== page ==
Defining Success: I Think You’ll Agree


First off, I’d like to thank those of you who have been following by book reading and have been consuming knowledge alongside me. I’m thankful for every single one of you! For those of you who aren’t, check out previous favorites here, or email me at to find out what I’m reading, what I suggest, or to shoot ideas around about one of the books (also open to suggestions!).

That being said, I’m currently reading “Civilization & Its Discontents,” by Sigmund Freud, and I kept coming back to this quote: “Success is never certain; it depends on the co-operation of many factors, perhaps on none more than the capacity of the mental constitution to adapt itself to the outer world and then utilize this last for obtaining pleasure.”

Freud prefaces this by mentioning that there are a few different types of people: those who will choose emotional relationships over anything else, those who are more “self-sufficient, [who] will seek his essential satisfactions in the inner workings of his own soul,” and the type who “will never abandon the external world in which he can assay his power.” Maybe you need to read this in order to fully understand, as it is deeply philosophical, but I’m going to do my best.

I wanted to talk about the second and third types, because doing so will settle an argument I’ve been having with myself. The second type, which searches for inward happiness, is no better or worse at perceiving reality. They simply have their individual perceptions, which may be delusions, but it doesn’t matter because that is their reality. So, being content with what you have and searching for happiness inside of yourself is great…but all it really means is that you are coping with the outside world.

This second person who never “abandons  the external world” does the same thing…he or she perceives reality, but chooses to believe that their power lies in staying focused in that external world and not retreating. For this person, it is just as inward as searching for inward peace and happiness, but the manifestation of that searching is external rather than internal.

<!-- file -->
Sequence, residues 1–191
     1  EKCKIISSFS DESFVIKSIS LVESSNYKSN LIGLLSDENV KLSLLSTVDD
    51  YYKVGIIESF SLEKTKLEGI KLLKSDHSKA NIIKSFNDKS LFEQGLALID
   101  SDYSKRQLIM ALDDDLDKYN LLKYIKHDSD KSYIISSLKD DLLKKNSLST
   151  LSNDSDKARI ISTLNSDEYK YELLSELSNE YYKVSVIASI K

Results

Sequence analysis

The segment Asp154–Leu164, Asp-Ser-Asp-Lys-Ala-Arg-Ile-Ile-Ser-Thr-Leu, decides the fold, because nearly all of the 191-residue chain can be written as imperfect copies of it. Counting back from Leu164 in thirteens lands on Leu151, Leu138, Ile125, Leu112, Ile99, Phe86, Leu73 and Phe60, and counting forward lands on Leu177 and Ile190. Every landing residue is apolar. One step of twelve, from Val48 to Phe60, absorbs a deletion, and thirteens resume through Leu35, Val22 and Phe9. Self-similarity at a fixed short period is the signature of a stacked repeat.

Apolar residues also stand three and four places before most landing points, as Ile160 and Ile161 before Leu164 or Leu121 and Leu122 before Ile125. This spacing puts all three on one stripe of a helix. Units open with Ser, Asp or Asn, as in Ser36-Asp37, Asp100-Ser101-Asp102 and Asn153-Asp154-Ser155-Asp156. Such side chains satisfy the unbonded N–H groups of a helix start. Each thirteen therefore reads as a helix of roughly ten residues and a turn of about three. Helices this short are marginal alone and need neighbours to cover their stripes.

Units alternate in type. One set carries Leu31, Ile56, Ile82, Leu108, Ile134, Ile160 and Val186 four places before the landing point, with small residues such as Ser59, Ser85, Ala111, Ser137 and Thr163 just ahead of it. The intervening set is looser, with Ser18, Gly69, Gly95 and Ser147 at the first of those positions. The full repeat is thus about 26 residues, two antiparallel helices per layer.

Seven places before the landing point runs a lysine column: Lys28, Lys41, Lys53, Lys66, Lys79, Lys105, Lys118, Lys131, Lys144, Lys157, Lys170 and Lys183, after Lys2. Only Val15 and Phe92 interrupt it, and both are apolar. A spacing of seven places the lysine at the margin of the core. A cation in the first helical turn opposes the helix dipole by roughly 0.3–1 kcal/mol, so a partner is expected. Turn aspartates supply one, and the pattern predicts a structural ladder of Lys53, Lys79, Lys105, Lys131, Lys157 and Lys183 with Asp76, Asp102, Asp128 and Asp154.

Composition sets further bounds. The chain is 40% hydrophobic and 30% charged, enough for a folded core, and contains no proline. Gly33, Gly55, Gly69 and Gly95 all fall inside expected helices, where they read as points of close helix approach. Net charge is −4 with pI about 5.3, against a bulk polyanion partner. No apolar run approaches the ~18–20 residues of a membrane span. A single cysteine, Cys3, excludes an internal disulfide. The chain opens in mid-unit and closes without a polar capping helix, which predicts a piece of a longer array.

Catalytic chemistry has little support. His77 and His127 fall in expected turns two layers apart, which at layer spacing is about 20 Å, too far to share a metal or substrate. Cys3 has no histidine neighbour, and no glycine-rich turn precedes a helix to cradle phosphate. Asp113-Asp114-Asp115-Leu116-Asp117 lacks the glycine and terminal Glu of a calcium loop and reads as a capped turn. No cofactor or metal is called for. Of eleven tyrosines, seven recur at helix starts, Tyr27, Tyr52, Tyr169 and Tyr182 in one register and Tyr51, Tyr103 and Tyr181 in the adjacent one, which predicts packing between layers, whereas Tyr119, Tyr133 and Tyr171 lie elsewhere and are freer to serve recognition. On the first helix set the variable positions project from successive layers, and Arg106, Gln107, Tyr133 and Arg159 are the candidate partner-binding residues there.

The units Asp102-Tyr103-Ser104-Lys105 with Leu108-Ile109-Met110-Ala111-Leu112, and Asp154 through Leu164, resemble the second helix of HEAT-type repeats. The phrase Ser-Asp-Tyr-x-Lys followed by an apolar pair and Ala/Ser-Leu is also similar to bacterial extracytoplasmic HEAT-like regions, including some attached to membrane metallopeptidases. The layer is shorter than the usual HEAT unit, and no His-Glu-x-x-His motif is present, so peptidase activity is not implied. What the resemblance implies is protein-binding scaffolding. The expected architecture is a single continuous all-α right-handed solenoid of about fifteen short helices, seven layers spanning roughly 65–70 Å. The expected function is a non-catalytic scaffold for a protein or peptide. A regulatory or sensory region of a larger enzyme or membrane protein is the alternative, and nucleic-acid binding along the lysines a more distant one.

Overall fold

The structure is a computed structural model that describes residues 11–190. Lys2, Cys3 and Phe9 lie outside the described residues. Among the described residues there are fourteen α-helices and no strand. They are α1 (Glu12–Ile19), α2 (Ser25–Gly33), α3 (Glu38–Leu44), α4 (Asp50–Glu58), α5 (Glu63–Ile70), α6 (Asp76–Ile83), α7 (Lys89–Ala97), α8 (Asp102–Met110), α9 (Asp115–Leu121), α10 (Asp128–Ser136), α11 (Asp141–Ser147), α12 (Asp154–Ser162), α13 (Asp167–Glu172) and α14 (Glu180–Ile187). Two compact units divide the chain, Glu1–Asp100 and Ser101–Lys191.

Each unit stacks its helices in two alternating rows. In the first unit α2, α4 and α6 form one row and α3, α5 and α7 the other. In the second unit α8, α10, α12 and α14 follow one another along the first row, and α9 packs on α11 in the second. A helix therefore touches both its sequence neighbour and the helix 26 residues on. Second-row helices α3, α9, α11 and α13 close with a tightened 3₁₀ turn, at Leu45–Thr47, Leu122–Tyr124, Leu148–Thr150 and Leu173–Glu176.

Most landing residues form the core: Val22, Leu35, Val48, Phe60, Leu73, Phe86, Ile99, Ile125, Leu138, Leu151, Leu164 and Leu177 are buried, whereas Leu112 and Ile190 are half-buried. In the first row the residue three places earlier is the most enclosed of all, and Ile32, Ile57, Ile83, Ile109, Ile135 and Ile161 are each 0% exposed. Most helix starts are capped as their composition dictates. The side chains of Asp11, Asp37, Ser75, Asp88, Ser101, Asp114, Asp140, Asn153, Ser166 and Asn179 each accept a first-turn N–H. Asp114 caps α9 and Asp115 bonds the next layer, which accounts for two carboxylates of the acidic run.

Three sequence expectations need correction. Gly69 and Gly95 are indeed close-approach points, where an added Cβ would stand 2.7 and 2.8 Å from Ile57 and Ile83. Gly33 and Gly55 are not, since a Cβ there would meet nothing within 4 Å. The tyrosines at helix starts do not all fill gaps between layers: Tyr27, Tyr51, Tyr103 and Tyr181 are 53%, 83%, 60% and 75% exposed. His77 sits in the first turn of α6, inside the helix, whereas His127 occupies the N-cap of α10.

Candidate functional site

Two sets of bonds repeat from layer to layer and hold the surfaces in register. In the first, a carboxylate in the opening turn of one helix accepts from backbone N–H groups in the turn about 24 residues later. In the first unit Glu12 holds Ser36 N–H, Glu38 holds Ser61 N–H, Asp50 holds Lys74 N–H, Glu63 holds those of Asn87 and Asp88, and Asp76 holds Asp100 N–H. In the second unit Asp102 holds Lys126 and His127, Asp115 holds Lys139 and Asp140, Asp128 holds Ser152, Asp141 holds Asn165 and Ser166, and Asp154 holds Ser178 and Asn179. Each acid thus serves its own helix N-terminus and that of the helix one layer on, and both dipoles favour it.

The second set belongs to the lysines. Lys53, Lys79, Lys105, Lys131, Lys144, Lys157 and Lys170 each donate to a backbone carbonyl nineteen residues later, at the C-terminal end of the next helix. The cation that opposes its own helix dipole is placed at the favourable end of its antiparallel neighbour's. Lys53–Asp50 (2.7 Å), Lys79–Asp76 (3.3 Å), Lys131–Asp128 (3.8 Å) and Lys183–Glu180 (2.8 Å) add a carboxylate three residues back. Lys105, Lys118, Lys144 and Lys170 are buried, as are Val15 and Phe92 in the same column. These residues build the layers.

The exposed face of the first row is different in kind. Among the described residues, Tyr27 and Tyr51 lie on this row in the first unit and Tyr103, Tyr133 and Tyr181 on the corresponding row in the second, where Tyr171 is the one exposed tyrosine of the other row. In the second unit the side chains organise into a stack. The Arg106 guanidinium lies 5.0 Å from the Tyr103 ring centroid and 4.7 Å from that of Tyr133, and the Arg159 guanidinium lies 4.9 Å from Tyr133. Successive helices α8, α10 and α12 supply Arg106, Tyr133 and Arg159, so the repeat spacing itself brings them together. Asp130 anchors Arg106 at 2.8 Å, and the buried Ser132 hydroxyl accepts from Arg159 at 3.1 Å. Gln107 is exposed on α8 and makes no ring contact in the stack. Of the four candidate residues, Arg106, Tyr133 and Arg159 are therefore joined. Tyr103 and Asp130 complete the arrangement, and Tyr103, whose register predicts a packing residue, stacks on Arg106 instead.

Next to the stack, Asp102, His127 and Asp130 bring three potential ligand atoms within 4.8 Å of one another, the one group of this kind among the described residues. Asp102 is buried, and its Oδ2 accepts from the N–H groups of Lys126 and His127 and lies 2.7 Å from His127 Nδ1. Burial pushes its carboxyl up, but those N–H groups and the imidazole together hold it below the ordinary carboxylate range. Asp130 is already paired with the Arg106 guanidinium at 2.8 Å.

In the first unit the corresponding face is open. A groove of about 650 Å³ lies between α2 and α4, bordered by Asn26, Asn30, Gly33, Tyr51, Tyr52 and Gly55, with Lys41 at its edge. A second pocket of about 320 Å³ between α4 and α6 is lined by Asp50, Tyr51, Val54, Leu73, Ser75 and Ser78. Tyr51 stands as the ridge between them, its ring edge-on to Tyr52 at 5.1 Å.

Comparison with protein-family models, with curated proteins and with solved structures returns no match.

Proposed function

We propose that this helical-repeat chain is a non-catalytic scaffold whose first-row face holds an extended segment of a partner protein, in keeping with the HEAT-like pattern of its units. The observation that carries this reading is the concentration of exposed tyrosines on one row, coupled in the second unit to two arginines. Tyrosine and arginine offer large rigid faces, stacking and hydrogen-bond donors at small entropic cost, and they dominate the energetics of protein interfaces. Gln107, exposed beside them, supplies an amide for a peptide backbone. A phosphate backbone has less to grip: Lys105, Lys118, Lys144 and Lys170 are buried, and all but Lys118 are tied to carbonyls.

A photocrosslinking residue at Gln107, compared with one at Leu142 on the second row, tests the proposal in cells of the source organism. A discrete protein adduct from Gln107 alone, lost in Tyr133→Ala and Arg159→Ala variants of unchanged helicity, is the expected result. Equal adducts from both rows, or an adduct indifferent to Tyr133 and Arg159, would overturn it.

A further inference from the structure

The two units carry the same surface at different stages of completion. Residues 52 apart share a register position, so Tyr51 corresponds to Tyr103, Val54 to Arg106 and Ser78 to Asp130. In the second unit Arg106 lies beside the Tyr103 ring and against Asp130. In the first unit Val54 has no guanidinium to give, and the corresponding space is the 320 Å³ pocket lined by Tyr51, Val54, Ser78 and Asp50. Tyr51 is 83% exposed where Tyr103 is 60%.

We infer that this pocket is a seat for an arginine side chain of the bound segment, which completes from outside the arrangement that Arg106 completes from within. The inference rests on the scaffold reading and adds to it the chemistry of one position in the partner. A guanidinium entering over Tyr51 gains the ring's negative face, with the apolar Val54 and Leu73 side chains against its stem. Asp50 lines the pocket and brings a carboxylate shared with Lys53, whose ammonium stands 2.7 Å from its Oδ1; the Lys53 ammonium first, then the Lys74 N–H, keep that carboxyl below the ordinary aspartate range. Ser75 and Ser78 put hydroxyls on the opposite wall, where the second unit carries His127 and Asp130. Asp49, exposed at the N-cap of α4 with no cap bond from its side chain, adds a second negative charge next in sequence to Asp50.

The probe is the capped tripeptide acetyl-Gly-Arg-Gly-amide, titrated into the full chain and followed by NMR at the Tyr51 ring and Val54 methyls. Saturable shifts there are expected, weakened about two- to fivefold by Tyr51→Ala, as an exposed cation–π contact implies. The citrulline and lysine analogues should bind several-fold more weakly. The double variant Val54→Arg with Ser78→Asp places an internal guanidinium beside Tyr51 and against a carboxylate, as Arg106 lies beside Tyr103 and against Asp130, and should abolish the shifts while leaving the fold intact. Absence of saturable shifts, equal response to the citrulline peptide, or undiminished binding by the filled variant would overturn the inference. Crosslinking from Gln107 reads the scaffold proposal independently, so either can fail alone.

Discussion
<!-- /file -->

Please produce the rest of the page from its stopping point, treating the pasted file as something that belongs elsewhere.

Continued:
And so, after all of this philosophical rambling, success is the ability to perceive and respond to the world outside of yourself. Doesn’t seem like much of a realization, but it is! I’ve been saying all along that the #1 key to success is the ability to change things based on your perception; anything negative can be spun around and made beneficial, and the people who learn to do that are the most successful. And Freud’s work has served as a means of explaining that in terms of the difference between inward and outward happiness and success.

After reading this passage…probably about a hundred times, I’ve realized that maybe there are simply differences between people that we don’t realize normally. I’ve been having debates with people over whether happiness and success can only be found in complacency (being happy with what you have and not needing more) or progression (still could be happy with what you have, but constantly push yourself to get better and to become a better person).

For those of you who read through this post, thank you, haha. I know it must have been rough. If this doesn’t make sense, please let me know! I feel like this is an important realization for me, so I’m sure it would be for you as well.

the american dream fallacy

This is a great story that pulls apart the idea of the American Dream and really makes you think about what success and happiness might mean to you. Definitely makes you wonder about what you’re working toward and why.

Sensible Building

“An American investment banker was at the pier of a small coastal Mexican village when a small boat with just one fisherman docked. Inside the small boat were several large yellowfin tuna. The American complimented the Mexican on the quality of his fish and asked how long it took to catch them.

The Mexican replied, “only a little while. The American then asked why didn’t he stay out longer and catch more fish? The Mexican said he had enough to support his family’s immediate needs. The American then asked, “but what do you do with the rest of your time?”

The Mexican fisherman said, “I sleep late, fish a little, play with my children, take siestas with my wife, Maria, stroll into the village each evening where I sip wine, and play guitar with my amigos. I have a full and busy life.” The American scoffed, “I am a Harvard…

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Money, Time, and Energy

Time and Money

I read an article by Chuck Blakeman about the time, money, and energy conundrum. Essentially he says (I’m not entirely sure this was his original idea, but I haven’t seen a source elsewhere) that when you’re young, you have time and energy, but no money. So you use that time and energy to accumulate money. Then when you’re older, you have time and money, but you lack the energy to enjoy the money you’ve accumulated.

Jacob from The Bulb Culture mentioned in a post yesterday that people are like lions in a cage, the cage being society, or at least society’s rules and preconceptions. They stay in that cage because it’s comfortable and safe. That’s fine for some people. Probably the majority of people. But for those who don’t want that…you can have all three: time, money, and energy.